Words by Ashton Rigg
There's no need to resign yourself to the notion that if you hop on a plane, you're going to catch the dreaded lurgy. Like working in an office, using public transport or pretty much any activity that involves coming into contact with other human beings, if you take some precautions, you should be right as rain.
Contrary to popular belief, airplanes are not breeding grounds for colds and flus. In reality, they're no different to any other enclosed space like shopping centres or cinemas.
Air filters on planes these days are second-to-none and airborne viruses aren't your main concern; it's actually the low humidity levels in the cabin that increase your chances of bugging out - the air dries our mucus, aka nature's defense system, giving germs a better chance of taking us down.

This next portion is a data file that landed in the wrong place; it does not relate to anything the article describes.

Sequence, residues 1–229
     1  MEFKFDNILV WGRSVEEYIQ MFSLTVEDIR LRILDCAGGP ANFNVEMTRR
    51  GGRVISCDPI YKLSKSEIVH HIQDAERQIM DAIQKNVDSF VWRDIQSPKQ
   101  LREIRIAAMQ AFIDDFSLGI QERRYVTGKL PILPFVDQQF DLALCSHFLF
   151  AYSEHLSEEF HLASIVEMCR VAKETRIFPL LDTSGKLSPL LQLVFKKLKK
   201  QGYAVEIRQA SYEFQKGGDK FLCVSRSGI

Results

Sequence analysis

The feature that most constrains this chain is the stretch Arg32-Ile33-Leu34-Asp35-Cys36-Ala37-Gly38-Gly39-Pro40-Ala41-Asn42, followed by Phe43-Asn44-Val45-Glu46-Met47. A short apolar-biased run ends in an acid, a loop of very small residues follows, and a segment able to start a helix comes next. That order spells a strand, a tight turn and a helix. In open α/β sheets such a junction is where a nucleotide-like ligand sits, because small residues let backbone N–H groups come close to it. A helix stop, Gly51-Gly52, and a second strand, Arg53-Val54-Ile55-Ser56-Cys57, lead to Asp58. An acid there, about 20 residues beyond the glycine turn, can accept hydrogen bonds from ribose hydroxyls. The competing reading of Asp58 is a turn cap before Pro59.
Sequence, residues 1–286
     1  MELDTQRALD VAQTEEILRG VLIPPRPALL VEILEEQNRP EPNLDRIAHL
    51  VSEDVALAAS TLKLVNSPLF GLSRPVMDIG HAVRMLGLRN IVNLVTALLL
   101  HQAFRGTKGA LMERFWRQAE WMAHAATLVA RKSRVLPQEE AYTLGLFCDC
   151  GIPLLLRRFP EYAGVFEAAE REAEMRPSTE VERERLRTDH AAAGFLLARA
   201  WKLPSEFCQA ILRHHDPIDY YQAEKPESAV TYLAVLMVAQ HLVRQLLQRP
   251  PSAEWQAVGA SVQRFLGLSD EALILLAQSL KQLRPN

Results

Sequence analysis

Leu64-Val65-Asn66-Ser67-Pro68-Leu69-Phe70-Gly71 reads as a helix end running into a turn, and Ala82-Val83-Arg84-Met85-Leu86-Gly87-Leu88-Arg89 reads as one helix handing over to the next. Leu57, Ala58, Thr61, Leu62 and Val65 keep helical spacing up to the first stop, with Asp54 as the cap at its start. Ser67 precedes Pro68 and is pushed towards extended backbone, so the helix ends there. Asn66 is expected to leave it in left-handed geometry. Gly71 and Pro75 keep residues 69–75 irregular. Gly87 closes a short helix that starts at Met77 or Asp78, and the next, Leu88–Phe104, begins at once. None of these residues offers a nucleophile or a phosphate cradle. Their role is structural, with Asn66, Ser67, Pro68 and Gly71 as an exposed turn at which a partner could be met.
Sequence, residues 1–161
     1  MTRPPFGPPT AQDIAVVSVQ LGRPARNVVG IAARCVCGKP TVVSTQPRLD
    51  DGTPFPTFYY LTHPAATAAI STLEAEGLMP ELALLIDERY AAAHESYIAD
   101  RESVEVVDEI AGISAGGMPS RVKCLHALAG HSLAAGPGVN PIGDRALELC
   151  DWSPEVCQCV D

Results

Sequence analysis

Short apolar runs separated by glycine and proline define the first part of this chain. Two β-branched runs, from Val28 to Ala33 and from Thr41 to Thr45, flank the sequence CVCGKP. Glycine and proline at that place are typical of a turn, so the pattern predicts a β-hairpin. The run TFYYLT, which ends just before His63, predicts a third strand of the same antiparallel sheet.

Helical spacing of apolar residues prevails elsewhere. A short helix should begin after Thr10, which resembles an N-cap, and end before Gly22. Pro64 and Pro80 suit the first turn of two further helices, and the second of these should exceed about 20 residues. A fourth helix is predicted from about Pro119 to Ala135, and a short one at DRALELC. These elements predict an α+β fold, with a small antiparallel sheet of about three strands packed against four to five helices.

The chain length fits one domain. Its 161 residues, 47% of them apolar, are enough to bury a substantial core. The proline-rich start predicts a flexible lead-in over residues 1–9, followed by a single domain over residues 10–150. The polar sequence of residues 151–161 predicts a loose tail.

If you're going to pick up a bug, it's likely going to be from direct contact with someone affected (maybe don't shake the hand of your red-nosed neighbour), or on surfaces such as bathrooms or tray tables. Tip #1: Keep your hands clean and away from your eyes, mouth and nose. Those tiny bottles of instant hand sanitizer are your best weapon.
There are so many misconceptions when it comes to 'getting sick', including not knowing the difference between a cold (that 'cloudy head' feeling coupled with a runny nose, sneezing and coughing) and the flu (all of the above symptoms plus a fever and achiness, which can stick with you for a lot longer); and not staying home during contagious periods (for the flu, you're in the clear about 24 hours after your fever disappears).
Here are some of the best ways you can avoid the dreaded plane cold with steps to take both before you fly and during your journey.
Infographic created by Ashton Rigg with Piktochart